Many Democrats are upset that Gore himself hasn't raised more of a stink. One former senior Gore campaign strategist confessed to being so disheartened after reading Gore's benign statement about the consortium recount ("As I said on December 13 of last year, we are a nation of laws, and the presidential election of 2000 is over," Gore said. "And of course, right now, our country faces a great challenge as we seek to successfully combat terrorism. I fully support President Bush's efforts to achieve that goal") that he crumpled the newspaper in a ball and tossed it out angrily.

But of the 20 precincts of significant size that showed the highest rate of spoiled ballots, all were at least 80 percent African-American. Many Democrats don't see the fight as just about Gore, but about the right to vote, and by being quiet, Gore is infuriating many Democrats who feel cheated.

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By being silent, Gore is clearly defusing any attention the story would otherwise have received.

"If Gore's saying that 'George W. Bush is my commander in chief,' and Joe Lieberman's saying it, no matter what the results are, who cares?" says Florida Democratic Party spokesman Tony Welch. "I care, by the way. But in the overall analysis, it's a really big nonstory."

But there are other reasons for the lack of buzz, for the failure of the recount and its potentially troublesome conclusions to generate much discussion. One is the ambiguous nature of the recount and the ambiguous way many in the media have portrayed its conclusions. "It doesn't slam-dunk it for anyone," says Welch. "There's a lot to muddle through to come to the conclusion that Gore was the winner and anyone can point to another story that says he wasn't."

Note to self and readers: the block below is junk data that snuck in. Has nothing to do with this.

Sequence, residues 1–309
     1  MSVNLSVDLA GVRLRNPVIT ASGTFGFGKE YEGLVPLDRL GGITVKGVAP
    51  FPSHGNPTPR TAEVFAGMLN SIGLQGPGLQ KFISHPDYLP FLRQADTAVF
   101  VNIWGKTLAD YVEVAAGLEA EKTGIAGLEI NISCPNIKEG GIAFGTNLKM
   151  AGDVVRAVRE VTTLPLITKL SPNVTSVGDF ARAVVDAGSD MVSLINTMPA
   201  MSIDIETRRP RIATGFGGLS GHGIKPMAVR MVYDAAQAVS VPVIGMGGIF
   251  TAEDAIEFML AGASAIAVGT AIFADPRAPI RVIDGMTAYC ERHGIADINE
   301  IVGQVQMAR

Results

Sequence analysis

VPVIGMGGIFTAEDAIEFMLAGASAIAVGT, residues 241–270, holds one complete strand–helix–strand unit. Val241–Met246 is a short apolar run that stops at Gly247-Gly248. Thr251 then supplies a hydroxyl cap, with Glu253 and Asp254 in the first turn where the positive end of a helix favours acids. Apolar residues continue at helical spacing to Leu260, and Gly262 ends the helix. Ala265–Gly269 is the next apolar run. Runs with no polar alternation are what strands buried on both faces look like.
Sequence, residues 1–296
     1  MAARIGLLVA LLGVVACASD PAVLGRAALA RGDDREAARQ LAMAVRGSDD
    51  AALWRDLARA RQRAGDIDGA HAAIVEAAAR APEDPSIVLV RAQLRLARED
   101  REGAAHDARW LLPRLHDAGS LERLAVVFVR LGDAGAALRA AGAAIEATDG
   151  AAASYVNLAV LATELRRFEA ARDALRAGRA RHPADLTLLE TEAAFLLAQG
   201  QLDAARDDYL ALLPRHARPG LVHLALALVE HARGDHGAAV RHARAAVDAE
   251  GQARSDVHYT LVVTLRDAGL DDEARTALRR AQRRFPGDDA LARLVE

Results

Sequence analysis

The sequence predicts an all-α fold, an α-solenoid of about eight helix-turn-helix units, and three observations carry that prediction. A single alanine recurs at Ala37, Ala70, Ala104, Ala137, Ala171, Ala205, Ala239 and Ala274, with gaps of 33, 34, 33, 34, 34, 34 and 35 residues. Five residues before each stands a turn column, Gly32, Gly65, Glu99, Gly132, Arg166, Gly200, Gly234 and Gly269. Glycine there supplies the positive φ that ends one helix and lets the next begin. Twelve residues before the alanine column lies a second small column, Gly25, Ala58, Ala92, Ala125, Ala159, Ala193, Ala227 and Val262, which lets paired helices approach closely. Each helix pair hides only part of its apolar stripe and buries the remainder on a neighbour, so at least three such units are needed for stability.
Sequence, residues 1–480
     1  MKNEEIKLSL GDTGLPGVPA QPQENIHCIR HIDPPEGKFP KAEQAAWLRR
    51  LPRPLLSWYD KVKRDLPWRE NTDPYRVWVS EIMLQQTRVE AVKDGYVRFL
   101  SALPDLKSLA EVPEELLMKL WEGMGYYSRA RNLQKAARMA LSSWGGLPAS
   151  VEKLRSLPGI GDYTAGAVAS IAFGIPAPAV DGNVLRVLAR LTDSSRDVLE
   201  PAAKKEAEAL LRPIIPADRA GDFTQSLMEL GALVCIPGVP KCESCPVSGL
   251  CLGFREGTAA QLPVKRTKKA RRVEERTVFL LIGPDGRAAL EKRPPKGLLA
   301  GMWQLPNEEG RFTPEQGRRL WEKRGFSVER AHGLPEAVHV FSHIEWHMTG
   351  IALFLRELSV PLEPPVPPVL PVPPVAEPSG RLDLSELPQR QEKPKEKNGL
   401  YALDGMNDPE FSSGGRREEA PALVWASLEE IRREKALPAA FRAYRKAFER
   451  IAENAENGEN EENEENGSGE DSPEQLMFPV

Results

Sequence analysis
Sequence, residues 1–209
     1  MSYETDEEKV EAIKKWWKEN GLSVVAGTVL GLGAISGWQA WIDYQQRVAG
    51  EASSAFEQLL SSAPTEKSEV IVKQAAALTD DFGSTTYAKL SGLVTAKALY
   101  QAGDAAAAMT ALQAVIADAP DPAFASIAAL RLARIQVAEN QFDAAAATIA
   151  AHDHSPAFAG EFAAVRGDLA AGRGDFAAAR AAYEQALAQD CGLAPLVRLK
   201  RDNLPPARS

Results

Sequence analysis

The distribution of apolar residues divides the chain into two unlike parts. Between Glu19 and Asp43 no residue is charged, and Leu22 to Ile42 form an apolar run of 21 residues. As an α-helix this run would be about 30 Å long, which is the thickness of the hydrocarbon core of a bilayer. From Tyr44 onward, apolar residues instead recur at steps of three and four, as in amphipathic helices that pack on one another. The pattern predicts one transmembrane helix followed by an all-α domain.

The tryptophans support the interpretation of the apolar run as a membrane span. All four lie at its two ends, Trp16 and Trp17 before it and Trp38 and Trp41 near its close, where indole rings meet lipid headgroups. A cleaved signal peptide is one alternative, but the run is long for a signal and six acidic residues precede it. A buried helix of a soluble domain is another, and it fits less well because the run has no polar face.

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Another reason may be a general lack of enthusiasm for Gore among many Democratic officials, who believe Gore was a dud of a candidate who will blow it again if given a chance in 2004. Still other rank-and-file Democrats feel let down by Gore's reticence since last December.

"I don't think Al Gore acts like a man who wants to be president of the United States," Rep. Maxine Waters, D-Calif., said on CNN in August. "He's been away for almost eight months now," said the feisty liberal. "We've had a lot going on in that eight-month period of time." But Gore -- who is "supposed to be the titular head of the party" -- has been absent, Waters complained. "There's been some terrific battles in the Congress of the United States dealing with this tax cut by the president of the United States, and Social Security, and stem cells. You name it. And where's Al Gore?"

Donna Brazile, Gore's campaign manager, is upset that the Florida fiasco hasn't resulted in serious election reform, and she sees the resounding thud of the recount news in that context. "For an entire year we have not have a spiritual leader on election reform, the same way that John McCain is the spiritual leader of campaign finance reform," Brazile says. "Even before Sept. 11, election reform had died."

One senses that Brazile wishes Gore would try to become that "spiritual leader."

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Brazile, who is teaching at the University of Maryland's Academy of Leadership, says that "the only groups and the only constituencies who are talking about Florida are African-Americans, with some progressive elements. But by and large people walked away. They said, 'OK. So what?' We kept saying a disproportionate number of African-Americans didn't have their votes counted and people said, 'Move on, move on.' And the 'Move on' crowd won."

"Why do you think I'm sitting at home and teaching instead of pounding the pavement for candidates?" Brazile asks. "If people are not going to stand up for you, why should I work hard for them?"